I always admire other gardeners who seem to throw things together and they work out perfectly. A list, a trip to a store or two, a few hours of work, and voila! You’re ready to relax and move on to something more entertaining. My projects never, never, ever work out like that. I start something innocently enough and before you know it a budget is blown, there are walls missing from the house, or you’ve been for a visit to the emergency room.
Wax on, wax off. This tabletop has seen better days.
So here’s this year’s deck saga. You give it a good cleaning, plant up a few pots and warm up the grill for dinner, right? Not in my lucky world. As you get ready to pressure wash you notice the kid’s craft table is looking a bit worse for wear and really should be cleaned up before the next waterpaint session. Out comes the sander and varnish.
Once the table is all spiffy, the pressure washing commences. The clean looks great, but it makes you realize how abused and dirty the vinyl siding is under the covered portion of the deck. So off it comes. You’ve been wanting to replace it with wood paneling and now that the table is looking nice again…..
The succulents will look so much better when this is done… and the wasp nest is removed from the outlet box… and the rusted broken light fixture replaced….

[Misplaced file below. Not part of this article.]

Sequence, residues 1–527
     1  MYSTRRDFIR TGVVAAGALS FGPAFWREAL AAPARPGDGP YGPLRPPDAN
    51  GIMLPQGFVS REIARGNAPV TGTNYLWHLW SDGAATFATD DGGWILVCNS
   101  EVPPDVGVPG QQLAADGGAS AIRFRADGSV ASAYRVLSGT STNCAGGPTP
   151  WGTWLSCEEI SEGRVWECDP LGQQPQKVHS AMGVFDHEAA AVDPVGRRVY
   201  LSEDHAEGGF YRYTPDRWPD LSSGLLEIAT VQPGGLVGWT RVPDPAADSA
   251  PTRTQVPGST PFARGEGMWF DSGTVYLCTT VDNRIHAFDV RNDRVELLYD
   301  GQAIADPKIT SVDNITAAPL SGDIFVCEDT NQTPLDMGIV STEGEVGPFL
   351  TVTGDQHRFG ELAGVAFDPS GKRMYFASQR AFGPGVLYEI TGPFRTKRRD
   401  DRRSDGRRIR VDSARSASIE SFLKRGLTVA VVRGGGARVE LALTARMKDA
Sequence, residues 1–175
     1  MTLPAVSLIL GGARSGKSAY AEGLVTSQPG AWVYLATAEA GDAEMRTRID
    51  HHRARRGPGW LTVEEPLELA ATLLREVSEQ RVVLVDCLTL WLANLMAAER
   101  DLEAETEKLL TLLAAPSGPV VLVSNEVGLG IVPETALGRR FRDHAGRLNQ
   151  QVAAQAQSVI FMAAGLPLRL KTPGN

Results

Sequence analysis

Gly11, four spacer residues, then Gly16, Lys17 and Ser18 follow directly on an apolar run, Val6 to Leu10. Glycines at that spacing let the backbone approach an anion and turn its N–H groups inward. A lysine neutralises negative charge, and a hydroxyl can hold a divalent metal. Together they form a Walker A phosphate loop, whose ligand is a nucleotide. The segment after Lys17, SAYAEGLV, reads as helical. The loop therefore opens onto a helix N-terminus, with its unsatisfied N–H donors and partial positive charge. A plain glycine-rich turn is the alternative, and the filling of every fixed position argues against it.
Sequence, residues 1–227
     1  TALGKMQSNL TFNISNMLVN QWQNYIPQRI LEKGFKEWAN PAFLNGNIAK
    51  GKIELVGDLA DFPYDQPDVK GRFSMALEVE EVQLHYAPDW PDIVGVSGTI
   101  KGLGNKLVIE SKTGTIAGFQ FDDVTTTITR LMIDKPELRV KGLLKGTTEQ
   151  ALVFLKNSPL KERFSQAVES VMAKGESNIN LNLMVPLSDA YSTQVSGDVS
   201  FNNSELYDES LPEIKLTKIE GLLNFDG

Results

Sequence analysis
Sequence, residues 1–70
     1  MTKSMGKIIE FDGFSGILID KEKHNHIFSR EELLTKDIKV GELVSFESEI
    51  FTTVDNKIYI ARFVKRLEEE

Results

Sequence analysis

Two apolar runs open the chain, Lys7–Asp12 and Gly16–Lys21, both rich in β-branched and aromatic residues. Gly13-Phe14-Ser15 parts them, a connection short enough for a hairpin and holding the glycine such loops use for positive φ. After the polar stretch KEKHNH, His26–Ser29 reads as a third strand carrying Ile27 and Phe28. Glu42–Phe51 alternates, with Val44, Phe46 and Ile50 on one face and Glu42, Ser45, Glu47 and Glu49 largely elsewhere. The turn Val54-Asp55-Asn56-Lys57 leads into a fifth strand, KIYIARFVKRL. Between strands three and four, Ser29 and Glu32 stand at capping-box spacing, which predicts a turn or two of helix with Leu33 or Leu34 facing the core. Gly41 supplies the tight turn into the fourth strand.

The woodwork should only take a few days, but then I might as well paint the rocking chairs saved from the dumpster, and I need to plant a few of the annuals so they don’t die waiting for their deck planters.
As long as you’re redoing the siding, a pair of ceiling fans sure would be nice….
A pot crowded with calibrachoa seedlings. I’ve never had reseeding with these before so I’m curious to see how they turn out… these are just four spoonfuls of seedlings out of the hundreds that came up!
Not to change the subject (as if I could stay focused long enough to finish something anyway), while the renovation is going on I still need to get the annuals planted in the deck pots. Of course this is the year everything reseeded. One pot is full of blue salvia seedlings, another is packed with red snapdragons, and a third has hundreds of baby calibrachoa. They all need moving off to find new homes.
Once the planters are vacant (mostly) I decide I really need some tall miscanthus in the big planters. Mine hasn’t quite recovered from the winter, but a quick phone call finds a friend across town who can spare a few wedges out of his clump. So off for that.
And the weeks go on. Finally the porch and deck are finished and the new plantings are filling in.
All set for fireworks viewing on the fourth of July, but all I could think about were the agaves and succulents in need of repotting.
I really like calibrachoa on the deck. They bloom constantly and don’t get the little inchworms in the blooms like petunias do. These were all purchased plants, luckily by the time I got to the nursery it was so late in the season they were all marked down!
Calibrachoas filling in a few of the deck pots.